Too. Much. Information.
TMI appears to be an ongoing theme. I’m not even sorry about that, because those things that have been deemed as “too much information” are things that many men feel no problem talking about in generalized terms when making policy decisions. Here’s the thing: I recently realized that I have PMDD. Over the past few months, I’ve noticed a pattern: around that “time of the month,” my anxiety disorder would make it nearly impossible to function, and my cramps would get so bad that I would be afraid to move from my bed lest I vomit. As a “young urban professional,” you can imagine this puts quite the damper on my work life.
Now, why did I just tell you all that? I wish I didn’t feel the need to. I wish I could just tell my mother and my gynecologist, and get the meds I need and be done with it. I wish this could just be an issue between me and my doctor.
But, no, because of our current, A-MAH-ZING political climate, I talk about my period a lot. Far more than I was raised to be comfortable with, frankly (remember, my parents like to call things “private parts”). Because the more I talk about it – the more I put a real face on the issue – the harder it becomes for those choruses of voices to shout “Birth control isn’t health care.”
When my gynecologist and I figure out what works for me as a medication – it will likely be something like the Nuvaring or the Patch – I will be taking the same medication that (often married, monogamous!) women around the United States take in order to prevent pregnancy. There is no scientific difference between the birth control that I take to get my moods/hormones/periods under control and the stuff that my friend takes so that she can have sex with her husband without a surprise baby.
I say all this because men are still telling me that my birth control pills aren’t health care, that they’re extraneous and simply are used to enable a wanton, slutty lifestyle. Somehow, there’s still this narrative that women shouldn’t be allowed to make their own reproductive choices, and as collateral damage to that, those of us who rely on the pills for medical reasons get called liars and get to have their privacy invaded by their employers or government.
There’s a continued, frustrating, bothersome narrative in the health care debate that women are incapable of making their own decisions on their health care and must have every decision vetted by some higher authority.
There’s a continued, frustrating, bothersome narrative in the health care debate that women are conniving, evil, stupid, little things.
We need to have transvaginal (read: penetrative) ultrasounds before abortions because “women don’t fully know what they’re doing.”
We need to have the government making health care decisions because apparently our fertility is like pigs or cattle.
We need to have employers vetting birth control decisions because women might be pulling a fast one on their employers. (This one, thankfully, has been dropped).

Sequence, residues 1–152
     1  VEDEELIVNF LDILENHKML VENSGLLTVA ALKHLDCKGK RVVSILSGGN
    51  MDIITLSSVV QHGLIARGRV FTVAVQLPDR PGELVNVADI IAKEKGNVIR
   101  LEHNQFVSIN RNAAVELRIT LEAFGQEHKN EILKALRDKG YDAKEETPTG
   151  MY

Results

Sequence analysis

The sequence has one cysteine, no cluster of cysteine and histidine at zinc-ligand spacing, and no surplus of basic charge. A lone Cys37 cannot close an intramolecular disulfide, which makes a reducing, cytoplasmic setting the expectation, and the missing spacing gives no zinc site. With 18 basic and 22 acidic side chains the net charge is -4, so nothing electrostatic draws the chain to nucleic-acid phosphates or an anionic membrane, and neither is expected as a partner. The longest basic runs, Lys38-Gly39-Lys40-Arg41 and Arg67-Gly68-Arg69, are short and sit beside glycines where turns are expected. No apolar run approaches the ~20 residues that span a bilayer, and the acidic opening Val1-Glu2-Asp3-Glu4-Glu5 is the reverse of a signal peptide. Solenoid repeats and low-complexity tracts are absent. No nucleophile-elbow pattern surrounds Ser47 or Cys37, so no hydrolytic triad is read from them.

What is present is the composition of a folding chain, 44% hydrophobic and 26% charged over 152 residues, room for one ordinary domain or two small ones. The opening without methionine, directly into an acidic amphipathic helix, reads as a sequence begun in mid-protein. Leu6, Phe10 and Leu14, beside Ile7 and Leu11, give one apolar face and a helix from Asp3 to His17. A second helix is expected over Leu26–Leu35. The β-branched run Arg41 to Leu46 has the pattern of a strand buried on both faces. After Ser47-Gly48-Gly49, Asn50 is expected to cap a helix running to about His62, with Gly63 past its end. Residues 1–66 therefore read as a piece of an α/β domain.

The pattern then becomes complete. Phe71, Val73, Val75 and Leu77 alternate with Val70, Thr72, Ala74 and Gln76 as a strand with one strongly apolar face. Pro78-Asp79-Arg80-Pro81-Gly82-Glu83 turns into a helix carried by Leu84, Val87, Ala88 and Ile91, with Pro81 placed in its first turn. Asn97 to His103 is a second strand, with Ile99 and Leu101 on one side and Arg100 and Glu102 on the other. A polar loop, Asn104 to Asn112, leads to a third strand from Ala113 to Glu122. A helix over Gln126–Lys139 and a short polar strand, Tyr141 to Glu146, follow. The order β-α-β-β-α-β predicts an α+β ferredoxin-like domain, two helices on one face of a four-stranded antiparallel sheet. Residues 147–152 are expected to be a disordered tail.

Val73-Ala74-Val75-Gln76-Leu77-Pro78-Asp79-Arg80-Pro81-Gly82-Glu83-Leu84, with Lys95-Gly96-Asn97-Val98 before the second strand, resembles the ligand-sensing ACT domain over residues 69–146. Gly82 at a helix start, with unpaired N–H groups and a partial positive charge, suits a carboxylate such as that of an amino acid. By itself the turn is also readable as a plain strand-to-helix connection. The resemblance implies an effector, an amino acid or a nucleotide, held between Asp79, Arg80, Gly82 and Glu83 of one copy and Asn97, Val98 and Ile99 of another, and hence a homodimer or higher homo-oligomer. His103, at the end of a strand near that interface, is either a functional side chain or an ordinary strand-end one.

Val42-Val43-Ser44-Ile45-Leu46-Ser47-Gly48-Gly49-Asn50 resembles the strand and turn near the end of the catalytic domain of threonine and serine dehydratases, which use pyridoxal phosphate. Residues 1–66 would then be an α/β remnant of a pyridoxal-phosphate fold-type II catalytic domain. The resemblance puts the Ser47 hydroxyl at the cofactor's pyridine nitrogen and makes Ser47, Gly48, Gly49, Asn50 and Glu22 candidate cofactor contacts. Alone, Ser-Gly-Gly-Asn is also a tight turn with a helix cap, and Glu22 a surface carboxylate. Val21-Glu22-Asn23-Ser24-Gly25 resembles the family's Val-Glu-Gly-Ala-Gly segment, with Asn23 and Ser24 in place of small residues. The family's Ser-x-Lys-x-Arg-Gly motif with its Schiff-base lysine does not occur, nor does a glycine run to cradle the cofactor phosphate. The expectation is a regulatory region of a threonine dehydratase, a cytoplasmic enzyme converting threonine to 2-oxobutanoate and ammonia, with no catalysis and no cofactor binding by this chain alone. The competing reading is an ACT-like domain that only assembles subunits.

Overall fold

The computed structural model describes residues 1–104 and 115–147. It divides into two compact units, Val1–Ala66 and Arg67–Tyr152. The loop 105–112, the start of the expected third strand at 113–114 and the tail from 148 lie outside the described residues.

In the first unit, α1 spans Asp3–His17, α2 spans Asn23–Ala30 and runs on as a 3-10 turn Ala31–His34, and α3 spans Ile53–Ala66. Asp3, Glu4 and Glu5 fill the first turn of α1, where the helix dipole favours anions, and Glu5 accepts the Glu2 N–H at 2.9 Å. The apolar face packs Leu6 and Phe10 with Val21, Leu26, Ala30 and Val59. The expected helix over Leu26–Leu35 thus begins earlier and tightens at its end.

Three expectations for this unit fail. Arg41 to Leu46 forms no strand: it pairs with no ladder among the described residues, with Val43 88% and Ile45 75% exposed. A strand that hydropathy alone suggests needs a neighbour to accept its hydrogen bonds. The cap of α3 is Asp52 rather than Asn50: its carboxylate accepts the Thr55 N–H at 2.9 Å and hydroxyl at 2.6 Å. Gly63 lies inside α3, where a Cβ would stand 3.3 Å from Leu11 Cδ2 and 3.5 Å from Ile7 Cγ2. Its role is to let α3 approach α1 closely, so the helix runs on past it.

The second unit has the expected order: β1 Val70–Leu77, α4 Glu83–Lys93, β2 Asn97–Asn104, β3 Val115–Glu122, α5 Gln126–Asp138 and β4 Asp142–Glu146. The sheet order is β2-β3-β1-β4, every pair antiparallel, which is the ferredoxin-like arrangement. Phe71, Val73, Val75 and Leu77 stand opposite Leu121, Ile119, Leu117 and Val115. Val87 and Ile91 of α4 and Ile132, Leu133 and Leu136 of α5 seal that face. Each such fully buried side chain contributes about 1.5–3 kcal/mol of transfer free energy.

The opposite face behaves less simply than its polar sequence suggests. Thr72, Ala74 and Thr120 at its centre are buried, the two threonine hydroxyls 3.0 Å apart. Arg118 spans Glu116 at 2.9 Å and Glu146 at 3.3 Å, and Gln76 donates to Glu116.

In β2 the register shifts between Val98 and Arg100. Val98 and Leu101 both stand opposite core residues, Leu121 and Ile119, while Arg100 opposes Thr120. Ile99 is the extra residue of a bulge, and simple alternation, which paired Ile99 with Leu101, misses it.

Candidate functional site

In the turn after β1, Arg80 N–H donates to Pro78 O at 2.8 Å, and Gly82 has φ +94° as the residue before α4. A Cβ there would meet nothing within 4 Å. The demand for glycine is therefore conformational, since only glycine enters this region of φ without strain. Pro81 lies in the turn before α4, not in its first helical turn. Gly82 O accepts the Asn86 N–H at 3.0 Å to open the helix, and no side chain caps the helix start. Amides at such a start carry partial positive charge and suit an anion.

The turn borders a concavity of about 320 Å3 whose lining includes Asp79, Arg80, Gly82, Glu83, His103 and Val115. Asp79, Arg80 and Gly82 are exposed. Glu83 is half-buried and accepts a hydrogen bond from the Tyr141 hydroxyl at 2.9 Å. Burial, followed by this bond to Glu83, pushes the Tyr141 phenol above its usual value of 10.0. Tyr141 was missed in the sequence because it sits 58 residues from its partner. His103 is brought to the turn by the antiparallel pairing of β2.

We need to have a waiting period of 72 hours before an abortion procedure because women need time to “think this over.”
We need to have preventative health care funding pulled because women might just be smart enough to go get birth control and gynecological appointments to make reproductive decisions to prevent the need for an abortion.
We need to condescendingly tell women that they shouldn’t have sex if they don’t want to get pregnant – even if you’re married.
We have consent laws around abortion telling teenagers that they need parental permission to seek an abortion (even if impregnated by a parent!), but have no problem considering them capable of raising a child.
We need to plan laws that allow a doctor to lie to a pregnant woman about a potentially life-threatening part of the pregnancy, in order to keep them from running off and aborting a pregnancy at the first sign of trouble.
We have this ongoing narrative that we women are naïve, childlike beings who need the paternalistic hand of the state and local governments in order to guide us through our life decisions like birth control and reproductive health, only to be told in the next breath that we must all be lying sluts who can’t be trusted to tell the truth about whether or not we were raped.
Apparently, we’re all that kid from the Shining: screaming “redrum” one moment and riding around on Big Wheels the next.
I’m tired of not being trusted with my own health care decisions. I’m tired of discussing birth control with men who have little to no understanding of the range of purposes for which women use this product. I’m tired of jumping through hoops to get to a medically necessary medication that allows me to function for 10 days out of the month.
I’m tired of being treated like some weird morphing between a devil and a moron.
I am a woman. I am a human being. I have medical needs and a large part of those medical needs are related to my reproductive health, which yes, includes insuring that I don’t have a baby before I’m ready to have one (or, in my case, ever). Regardless of your religious beliefs or doctrine, regardless of your personal feelings on the issue, you cannot stand between me and my doctor and tell me that my health, my life, is a matter of public policy.
I need birth control because I have a medical condition. My friends need birth control so they can have sex without any oops babies. If anyone besides my doctor feels the need to know and vet that information in order to make policy decisions, then they ask for too much information.